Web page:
If your child is about to head off to university, should you make him take out a student loan and start working life with a whopping debt (the average is now £44,000)? Or should you dig deep and pay his tuition fees yourself? It’s a question that will be on many parents’ minds this month – but there is, sadly, no simple answer.
Until 2012, student loans were so cheap that you might as well have taken the money, whether you needed it or not. No more. The rate on loans taken out under the new system is based on the level of Retail Price Index (RPI) inflation, plus 3%.
Right now that comes to 6.3% (it’s based on RPI from the previous March) and will fall to 5.5% from September.
That’s not exactly a super-high rate of interest, given that the money is being lent to people with no income and no proven track record of loan repayment. But in a world where the Bank of England rate is 0.5%, it isn’t exactly cheap either.
This rather suggests that if you were certain your child would end up having to pay the money back, then it might make sense to make life easier and cheaper for him by giving him the money up front.
But here’s the rub. Most people will never pay back their student loans. You don’t have to start repaying until you are earning £21,000 ayear (you then pay 9% of everything you earn above that). And once you have graduated, the interest rate also becomes progressive, so that you don’t pay the full RPI +3% until you are earning £41,000.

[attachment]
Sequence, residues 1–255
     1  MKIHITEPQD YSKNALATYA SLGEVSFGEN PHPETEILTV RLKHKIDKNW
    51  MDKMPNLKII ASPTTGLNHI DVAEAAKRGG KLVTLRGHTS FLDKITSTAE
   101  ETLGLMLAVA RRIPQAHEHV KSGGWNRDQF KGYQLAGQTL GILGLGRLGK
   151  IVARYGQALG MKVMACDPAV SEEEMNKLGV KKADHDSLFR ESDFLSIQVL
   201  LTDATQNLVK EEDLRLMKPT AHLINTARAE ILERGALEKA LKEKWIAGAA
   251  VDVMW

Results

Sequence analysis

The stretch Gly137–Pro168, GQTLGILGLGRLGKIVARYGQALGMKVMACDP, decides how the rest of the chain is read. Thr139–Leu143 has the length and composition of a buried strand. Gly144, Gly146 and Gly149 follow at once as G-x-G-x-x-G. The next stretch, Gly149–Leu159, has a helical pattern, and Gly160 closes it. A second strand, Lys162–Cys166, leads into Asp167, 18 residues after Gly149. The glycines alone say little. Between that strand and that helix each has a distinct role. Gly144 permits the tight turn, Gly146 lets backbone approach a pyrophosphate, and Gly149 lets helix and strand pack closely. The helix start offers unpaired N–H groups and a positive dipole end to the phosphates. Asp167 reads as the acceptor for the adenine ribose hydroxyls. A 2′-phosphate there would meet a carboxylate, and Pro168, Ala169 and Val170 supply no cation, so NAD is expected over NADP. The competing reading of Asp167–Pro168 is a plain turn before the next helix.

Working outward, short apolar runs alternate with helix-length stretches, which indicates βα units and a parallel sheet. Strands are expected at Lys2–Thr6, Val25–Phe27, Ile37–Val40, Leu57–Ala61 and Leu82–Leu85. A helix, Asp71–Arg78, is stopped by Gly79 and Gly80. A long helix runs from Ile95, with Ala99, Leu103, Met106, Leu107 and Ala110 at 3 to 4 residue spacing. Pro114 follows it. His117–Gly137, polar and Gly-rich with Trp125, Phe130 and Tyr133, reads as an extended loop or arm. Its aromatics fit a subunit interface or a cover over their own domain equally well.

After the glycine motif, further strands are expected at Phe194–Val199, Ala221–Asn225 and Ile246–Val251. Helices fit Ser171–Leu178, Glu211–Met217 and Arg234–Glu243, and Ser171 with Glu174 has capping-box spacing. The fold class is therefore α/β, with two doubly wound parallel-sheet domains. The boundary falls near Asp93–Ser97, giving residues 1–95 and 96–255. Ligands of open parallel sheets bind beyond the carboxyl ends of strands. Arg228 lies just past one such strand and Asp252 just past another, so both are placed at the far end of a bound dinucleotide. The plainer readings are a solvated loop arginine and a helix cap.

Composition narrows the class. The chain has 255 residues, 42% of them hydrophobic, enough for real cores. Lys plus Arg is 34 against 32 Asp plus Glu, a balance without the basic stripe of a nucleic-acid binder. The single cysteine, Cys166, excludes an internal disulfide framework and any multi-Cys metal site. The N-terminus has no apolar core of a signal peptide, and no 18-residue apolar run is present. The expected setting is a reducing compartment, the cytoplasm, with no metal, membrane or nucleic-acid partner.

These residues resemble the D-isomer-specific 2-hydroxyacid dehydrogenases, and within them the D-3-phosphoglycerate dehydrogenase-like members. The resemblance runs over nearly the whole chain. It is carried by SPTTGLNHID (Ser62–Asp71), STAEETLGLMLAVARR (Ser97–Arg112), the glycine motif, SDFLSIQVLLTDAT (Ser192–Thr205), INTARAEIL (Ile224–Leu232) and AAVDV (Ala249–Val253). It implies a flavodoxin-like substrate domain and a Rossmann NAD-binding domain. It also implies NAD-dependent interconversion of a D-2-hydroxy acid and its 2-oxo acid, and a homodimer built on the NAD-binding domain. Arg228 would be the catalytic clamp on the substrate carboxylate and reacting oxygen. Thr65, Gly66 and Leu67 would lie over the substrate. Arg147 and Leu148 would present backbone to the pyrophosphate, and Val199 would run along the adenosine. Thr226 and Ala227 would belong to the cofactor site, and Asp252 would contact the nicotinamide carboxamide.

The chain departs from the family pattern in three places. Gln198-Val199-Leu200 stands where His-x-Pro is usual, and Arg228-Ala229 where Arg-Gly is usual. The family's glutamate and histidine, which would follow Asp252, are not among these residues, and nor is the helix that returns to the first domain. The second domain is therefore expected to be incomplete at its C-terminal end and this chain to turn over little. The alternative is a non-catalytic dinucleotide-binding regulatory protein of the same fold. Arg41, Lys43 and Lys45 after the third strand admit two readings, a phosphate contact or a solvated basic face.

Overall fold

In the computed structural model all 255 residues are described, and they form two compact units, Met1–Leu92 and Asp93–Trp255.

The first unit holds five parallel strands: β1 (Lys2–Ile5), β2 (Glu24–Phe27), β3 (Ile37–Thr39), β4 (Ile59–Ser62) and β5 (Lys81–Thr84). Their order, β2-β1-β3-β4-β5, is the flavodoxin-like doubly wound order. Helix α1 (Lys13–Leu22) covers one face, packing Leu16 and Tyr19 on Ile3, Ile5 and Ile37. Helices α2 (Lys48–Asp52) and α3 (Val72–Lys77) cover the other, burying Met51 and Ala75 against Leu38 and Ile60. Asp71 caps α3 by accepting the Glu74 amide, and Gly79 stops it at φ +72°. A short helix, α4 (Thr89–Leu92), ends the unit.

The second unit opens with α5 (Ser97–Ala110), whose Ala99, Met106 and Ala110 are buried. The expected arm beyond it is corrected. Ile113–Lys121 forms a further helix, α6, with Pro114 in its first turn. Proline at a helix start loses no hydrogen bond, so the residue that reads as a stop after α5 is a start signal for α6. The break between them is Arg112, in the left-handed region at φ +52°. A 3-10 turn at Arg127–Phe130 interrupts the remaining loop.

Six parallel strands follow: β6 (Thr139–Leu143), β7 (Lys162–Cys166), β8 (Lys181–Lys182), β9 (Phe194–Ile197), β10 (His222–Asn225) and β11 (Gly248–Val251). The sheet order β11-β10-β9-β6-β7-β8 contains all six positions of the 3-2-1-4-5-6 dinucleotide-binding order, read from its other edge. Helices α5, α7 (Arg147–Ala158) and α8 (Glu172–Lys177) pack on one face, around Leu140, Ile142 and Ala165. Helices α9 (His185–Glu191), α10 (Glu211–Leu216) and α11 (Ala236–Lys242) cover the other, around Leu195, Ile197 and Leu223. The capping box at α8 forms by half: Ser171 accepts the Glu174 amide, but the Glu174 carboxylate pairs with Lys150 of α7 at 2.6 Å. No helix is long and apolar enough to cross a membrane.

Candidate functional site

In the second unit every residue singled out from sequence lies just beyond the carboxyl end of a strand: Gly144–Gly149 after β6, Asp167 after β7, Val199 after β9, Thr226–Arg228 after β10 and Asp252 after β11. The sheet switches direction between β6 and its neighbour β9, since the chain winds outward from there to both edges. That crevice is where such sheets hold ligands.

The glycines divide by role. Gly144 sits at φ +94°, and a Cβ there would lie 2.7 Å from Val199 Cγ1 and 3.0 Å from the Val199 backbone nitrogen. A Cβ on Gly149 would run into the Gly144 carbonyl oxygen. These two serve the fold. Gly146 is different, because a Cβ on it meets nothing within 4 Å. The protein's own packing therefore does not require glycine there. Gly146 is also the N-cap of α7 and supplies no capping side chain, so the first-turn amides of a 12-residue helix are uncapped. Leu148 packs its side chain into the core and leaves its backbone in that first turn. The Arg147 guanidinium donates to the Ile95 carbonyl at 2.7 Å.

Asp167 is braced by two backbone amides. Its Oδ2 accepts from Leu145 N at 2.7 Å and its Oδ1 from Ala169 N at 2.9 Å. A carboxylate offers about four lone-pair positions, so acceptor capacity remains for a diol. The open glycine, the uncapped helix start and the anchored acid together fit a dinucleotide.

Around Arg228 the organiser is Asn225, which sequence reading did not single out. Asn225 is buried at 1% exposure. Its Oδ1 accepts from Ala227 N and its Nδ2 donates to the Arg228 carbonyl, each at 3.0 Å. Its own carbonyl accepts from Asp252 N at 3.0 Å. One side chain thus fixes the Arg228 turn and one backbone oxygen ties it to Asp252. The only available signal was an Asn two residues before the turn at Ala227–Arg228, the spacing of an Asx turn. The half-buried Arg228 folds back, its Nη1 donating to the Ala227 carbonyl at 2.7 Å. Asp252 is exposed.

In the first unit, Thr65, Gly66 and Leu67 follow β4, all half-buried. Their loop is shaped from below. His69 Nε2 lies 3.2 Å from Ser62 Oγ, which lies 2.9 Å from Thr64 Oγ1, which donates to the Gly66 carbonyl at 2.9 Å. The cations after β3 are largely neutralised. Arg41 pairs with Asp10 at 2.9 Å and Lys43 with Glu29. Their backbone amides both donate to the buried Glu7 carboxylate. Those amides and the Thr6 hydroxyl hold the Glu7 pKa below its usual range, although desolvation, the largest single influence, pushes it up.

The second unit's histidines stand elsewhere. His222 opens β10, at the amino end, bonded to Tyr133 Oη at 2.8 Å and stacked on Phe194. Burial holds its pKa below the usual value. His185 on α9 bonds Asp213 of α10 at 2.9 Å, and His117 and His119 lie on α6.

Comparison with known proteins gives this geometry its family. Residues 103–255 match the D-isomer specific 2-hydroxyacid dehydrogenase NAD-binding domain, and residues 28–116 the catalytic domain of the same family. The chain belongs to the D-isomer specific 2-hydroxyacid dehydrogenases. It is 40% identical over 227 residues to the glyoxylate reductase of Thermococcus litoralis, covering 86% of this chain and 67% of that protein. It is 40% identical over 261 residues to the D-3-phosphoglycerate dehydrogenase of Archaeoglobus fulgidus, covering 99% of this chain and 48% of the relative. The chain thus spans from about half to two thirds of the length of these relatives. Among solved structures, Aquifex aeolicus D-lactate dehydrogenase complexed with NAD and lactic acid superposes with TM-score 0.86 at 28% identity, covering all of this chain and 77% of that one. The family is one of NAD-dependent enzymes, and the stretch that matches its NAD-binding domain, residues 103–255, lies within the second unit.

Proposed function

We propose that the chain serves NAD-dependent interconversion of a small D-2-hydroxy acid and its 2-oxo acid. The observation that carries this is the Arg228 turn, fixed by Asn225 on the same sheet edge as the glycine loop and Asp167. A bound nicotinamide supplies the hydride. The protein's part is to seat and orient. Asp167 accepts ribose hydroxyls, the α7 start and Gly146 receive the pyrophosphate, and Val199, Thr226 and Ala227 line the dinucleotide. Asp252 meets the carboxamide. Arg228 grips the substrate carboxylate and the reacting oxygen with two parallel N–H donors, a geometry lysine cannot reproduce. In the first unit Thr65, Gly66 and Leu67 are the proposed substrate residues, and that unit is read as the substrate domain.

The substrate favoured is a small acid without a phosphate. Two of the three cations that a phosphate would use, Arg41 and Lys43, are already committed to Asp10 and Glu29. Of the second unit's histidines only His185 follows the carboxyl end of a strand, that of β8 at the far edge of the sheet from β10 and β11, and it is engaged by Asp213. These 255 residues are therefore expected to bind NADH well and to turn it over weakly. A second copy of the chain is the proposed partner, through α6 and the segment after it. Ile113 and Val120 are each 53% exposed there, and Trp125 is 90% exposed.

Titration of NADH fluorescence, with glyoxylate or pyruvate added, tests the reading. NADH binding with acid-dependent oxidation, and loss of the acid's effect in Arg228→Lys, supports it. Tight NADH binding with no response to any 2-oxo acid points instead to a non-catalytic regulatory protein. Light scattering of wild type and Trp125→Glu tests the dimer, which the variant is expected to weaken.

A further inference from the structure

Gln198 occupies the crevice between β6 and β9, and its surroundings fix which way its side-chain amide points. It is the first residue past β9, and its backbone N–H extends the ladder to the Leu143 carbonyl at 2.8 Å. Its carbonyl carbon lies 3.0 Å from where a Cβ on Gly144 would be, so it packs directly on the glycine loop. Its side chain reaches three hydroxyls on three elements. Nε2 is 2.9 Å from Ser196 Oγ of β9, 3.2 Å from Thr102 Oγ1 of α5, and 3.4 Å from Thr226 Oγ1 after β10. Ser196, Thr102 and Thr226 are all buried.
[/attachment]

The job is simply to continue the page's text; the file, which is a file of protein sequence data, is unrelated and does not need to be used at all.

Finally, the debt is written off after 30 years. So if your child never earns much, or takes large chunks of time out to care for his or her own children, they may never pay back much of the loan.
If, on the other hand, he works consistently in a reasonably high-earning area, he will end up paying back all the capital and all the interest (which compounds from the first year, not the last).
So there’s a conundrum for you: if you expect your child to be a financial success, you should pay his fees. If you expect failure, you should not. However, this isn’t the only thing to think about.
Student loans don’t affect your credit rating, but they may well affect other things – such as the ability to get a mortgage or to save. That matters, says Ian Cowie in The Sunday Times: Scottish Widows reckons the rise in maximum tuition fees to £9,000 a year will “raise the average age of first-time buyers from 29 to 44 and make it impossible for many to contribute to pensions”.
The fact that the debt is written off just before pensionable age doesn’t help much with either issue. His solution? Help your children out and take part of your estate out of the inheritance-tax net at the same time: if you can afford to, pay the fees and their living costs too.